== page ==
Adjusting the PH and NPK of my garden beds

Asked April 29, 2020, 7:52 PM EDT

Hi ! did a soil test of my beds after not doing one for many years. The PH was 7.5, Nitrigen was very low, Phosphorus was very high, and Potassium was very low. I usually amend with composted bagged chicken manure, Compost from our residence, oyster shell and greensand or kelp meal yearly. How do I correct this soil for a wide mix of vegeaables. My peas are growing but look lanky compared to last year. I have cabbage, lettuce, kale and chard in too but they look fine. Help! Wendy

Washington County Oregon

1 Response

This is one of the issues we have been finding as our long-term mantra has been to add organic matter to improve the native clay soil. Peas are legumes and typically do not need additional Nitrogen since they can fix N through a bacteria that grows on the roots. You can purchase the inoculum but that is best done at the time you plant. If you plan to plant beans (pole or bush) you can use the same product. To lower pH, Sulfur is the typical addition but you can burn the roots if you apply elemental sulfur on seedlings. You can meet the N and S by using an ammonium sulfate fertilizer. However, there are specific calculations for how much you would need to actually lower the pH.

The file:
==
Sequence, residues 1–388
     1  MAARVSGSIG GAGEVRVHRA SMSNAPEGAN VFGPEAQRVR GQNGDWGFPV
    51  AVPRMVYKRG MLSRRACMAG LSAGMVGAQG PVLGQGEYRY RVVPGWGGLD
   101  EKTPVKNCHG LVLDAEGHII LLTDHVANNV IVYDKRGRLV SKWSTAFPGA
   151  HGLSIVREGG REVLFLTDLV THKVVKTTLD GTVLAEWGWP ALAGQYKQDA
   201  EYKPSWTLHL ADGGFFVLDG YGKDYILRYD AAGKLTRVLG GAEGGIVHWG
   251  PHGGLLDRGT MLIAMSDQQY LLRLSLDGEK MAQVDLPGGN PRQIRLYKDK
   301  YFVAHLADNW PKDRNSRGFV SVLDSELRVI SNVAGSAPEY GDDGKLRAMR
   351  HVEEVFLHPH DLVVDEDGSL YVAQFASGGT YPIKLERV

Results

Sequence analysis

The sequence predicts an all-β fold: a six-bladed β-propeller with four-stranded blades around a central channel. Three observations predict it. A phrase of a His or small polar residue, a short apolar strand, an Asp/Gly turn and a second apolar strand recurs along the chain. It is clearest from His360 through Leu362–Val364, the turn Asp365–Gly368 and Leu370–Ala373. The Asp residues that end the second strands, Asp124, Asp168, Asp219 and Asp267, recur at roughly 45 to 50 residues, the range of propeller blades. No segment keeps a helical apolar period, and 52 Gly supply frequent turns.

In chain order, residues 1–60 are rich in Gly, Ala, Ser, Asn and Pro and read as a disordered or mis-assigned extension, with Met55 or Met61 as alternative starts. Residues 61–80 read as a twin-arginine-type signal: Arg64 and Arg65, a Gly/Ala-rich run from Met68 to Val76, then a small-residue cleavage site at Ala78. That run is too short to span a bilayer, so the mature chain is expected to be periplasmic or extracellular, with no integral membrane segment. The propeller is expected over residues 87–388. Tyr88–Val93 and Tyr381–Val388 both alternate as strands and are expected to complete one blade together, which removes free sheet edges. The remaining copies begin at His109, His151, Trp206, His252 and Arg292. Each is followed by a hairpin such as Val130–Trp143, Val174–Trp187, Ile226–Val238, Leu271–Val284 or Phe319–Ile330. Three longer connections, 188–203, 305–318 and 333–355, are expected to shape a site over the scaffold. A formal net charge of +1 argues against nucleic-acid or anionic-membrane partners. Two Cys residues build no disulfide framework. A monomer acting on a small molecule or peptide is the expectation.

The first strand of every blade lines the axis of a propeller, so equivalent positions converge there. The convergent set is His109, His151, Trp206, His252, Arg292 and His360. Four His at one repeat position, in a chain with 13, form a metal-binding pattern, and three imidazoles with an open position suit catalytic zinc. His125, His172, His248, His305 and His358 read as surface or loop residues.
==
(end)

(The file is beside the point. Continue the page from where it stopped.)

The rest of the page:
I found this article from Iowa State that can give you some ideas https://hortnews.extension.iastate.edu/1994/4-6-1994/ph.html